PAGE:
Skip to main content

Stewarding safety


July 7, 2022 | Everyday Moments

Close-up of baby buckled into a car seat

Car seat technician’s eye for detail helps keep little riders safe.

Elizabeth Price, a car seat technician for PeaceHealth Sacred Heart Medical Center at RiverBend in Springfield, Oregon, is helping families keep babies, toddlers and older children safe while traveling in a vehicle. Knowing that lives are riding on her efforts, Elizabeth pays keen attention to every detail. 

One day as she was inspecting a car seat, Elizabeth noticed it appeared to be a European model, but lacked the proper labeling to comply with European safety standards. Given the ease of sales on the internet, counterfeit models are on the increase. Non-Compliant car seats are a huge concern as they are often made with cheaper materials using designs that aren’t federally regulated, don’t meet federal safety standards, and may fall apart in crashes. 

Elizabeth reached out to the car seat technician community and was able to get in touch with a certified technician overseas. She confirmed that the European certification sticker on the suspicious car seat was, in fact, a fake. 

After sharing the information with the family, she provided them with a safe seat. Thanks to Elizabeth’s skill and ability to spot a fake, she has given this family greater peace of mind knowing their little one is in a safe car seat and protected from possible harm.

Beyond making things right for one family, Elizabeth is also working with the National Highway Traffic Safety Administration (NHTSA). They hope that with the information and photos provided by Elizabeth, the agency can shut down the seller and prevent others from being scammed by these dangerous fake car seats. 

Elizabeth is diligent in stewarding safety, helping safeguard the well-being of families and extending a sense of security and protection for the littlest riders. Since spotting the dangerous car seat, Elizabeth and her colleague Debbie Janecek have come across a total of five fake models during car seat inspections for patients at RiverBend.

The following resources are available to help spot an unsafe or fake car seat:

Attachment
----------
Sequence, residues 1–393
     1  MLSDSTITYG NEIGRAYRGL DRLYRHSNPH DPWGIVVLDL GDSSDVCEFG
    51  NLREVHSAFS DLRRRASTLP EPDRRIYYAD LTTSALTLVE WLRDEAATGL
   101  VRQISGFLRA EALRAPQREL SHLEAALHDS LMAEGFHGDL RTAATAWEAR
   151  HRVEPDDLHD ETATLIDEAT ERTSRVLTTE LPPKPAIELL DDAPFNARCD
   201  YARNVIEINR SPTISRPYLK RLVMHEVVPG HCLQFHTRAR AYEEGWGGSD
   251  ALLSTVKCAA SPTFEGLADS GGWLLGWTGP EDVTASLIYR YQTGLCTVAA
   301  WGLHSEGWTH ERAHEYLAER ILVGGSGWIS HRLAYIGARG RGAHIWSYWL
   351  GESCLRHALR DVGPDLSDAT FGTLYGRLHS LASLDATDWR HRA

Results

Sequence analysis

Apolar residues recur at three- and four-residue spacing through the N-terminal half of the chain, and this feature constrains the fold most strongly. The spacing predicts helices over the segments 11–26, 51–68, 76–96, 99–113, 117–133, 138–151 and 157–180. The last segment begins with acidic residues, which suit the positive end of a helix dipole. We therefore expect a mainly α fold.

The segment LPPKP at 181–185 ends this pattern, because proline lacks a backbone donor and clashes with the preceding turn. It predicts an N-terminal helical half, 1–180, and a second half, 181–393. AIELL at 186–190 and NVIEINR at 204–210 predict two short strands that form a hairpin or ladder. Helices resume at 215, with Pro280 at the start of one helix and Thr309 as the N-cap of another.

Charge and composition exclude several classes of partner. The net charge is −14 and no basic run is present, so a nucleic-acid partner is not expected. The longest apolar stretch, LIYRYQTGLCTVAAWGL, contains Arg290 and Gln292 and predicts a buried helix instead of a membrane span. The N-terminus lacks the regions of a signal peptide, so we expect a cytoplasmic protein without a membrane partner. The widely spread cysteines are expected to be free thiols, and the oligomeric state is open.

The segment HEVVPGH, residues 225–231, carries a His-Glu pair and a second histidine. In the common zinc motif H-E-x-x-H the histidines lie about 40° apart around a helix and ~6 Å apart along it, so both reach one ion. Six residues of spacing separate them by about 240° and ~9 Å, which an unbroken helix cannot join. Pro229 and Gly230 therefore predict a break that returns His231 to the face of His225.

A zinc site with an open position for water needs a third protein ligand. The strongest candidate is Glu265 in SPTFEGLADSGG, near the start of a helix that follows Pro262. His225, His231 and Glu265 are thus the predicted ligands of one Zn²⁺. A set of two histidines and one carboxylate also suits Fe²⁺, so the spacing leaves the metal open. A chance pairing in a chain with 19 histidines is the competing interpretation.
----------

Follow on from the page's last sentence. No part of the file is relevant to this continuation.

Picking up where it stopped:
If someone believes the car seat they have been sold is a fake, it should be reported to NHTSA.

If you are interested in a car seat inspection, visit http://cert.safekids.org and click the tab labeled “Find a Tech.”

Stewarding safety


July 7, 2022 | Everyday Moments
Close-up of baby buckled into a car seatCar seat technician’s eye for detail helps keep little riders safe.

Elizabeth Price, a car seat technician for PeaceHealth Sacred Heart Medical Center at RiverBend in Springfield, Oregon, is helping families keep babies, toddlers and older children safe while traveling in a vehicle. Knowing that lives are riding on her efforts, Elizabeth pays keen attention to every detail. 

One day as she was inspecting a car seat, Elizabeth noticed it appeared to be a European model, but lacked the proper labeling to comply with European safety standards. Given the ease of sales on the internet, counterfeit models are on the increase. Non-Compliant car seats are a huge concern as they are often made with cheaper materials using designs that aren’t federally regulated, don’t meet federal safety standards, and may fall apart in crashes. 

Elizabeth reached out to the car seat technician community and was able to get in touch with a certified technician overseas. She confirmed that the European certification sticker on the suspicious car seat was, in fact, a fake. 

After sharing the information with the family, she provided them with a safe seat. Thanks to Elizabeth’s skill and ability to spot a fake, she has given this family greater peace of mind knowing their little one is in a safe car seat and protected from possible harm.

Beyond making things right for one family, Elizabeth is also working with the National Highway Traffic Safety Administration (NHTSA). They hope that with the information and photos provided by Elizabeth, the agency can shut down the seller and prevent others from being scammed by these dangerous fake car seats. 

Elizabeth is diligent in stewarding safety, helping safeguard the well-being of families and extending a sense of security and protection for the littlest riders. Since spotting the dangerous car seat, Elizabeth and her colleague Debbie Janecek have come across a total of five fake models during car seat inspections for patients at RiverBend.

The following resources are available to help spot an unsafe or fake car seat:

If someone believes the car seat they have been sold is a fake, it should be reported to NHTSA.

If you are interested in a car seat inspection, visit http://cert.safekids.org and click the tab labeled “Find a Tech.”